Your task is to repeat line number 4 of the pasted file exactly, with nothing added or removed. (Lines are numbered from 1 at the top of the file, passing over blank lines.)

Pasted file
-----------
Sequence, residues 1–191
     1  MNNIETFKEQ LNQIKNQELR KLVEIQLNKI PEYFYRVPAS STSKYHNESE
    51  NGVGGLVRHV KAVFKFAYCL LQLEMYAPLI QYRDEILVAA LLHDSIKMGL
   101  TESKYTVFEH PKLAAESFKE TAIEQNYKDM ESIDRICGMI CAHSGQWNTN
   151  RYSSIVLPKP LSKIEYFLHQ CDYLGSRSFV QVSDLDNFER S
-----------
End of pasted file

   101  TESKYTVFEH PKLAAESFKE TAIEQNYKDM ESIDRICGMI CAHSGQWNTN